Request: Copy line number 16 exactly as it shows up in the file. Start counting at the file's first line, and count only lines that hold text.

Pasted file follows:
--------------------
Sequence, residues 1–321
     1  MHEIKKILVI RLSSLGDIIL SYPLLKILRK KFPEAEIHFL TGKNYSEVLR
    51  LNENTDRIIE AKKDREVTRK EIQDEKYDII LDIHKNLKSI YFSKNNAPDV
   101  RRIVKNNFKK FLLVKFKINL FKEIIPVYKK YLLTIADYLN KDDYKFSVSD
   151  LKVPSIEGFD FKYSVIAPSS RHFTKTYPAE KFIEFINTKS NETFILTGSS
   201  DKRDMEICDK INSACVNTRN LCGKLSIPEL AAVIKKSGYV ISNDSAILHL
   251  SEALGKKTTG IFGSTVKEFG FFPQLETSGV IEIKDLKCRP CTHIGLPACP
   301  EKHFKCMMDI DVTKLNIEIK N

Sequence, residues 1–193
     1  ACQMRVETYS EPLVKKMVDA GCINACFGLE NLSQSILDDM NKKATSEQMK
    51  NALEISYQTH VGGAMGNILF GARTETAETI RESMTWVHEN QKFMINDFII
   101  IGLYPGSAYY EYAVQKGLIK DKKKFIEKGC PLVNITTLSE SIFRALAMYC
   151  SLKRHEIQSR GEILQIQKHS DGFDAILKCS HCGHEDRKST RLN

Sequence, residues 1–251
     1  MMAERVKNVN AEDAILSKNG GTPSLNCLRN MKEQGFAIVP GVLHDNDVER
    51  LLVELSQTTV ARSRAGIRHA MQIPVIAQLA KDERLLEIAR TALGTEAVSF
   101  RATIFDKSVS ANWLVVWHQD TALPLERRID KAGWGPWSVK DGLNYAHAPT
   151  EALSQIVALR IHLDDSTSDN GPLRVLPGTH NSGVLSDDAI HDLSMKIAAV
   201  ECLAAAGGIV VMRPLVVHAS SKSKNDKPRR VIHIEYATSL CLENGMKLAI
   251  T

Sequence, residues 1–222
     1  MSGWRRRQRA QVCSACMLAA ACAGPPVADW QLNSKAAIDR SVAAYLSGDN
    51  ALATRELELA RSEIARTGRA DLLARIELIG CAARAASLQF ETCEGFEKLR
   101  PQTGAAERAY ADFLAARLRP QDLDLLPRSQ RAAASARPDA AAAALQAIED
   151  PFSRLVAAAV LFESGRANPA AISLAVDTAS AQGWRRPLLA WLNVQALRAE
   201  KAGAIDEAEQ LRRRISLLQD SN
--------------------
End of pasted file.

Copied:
    51  LLVELSQTTV ARSRAGIRHA MQIPVIAQLA KDERLLEIAR TALGTEAVSF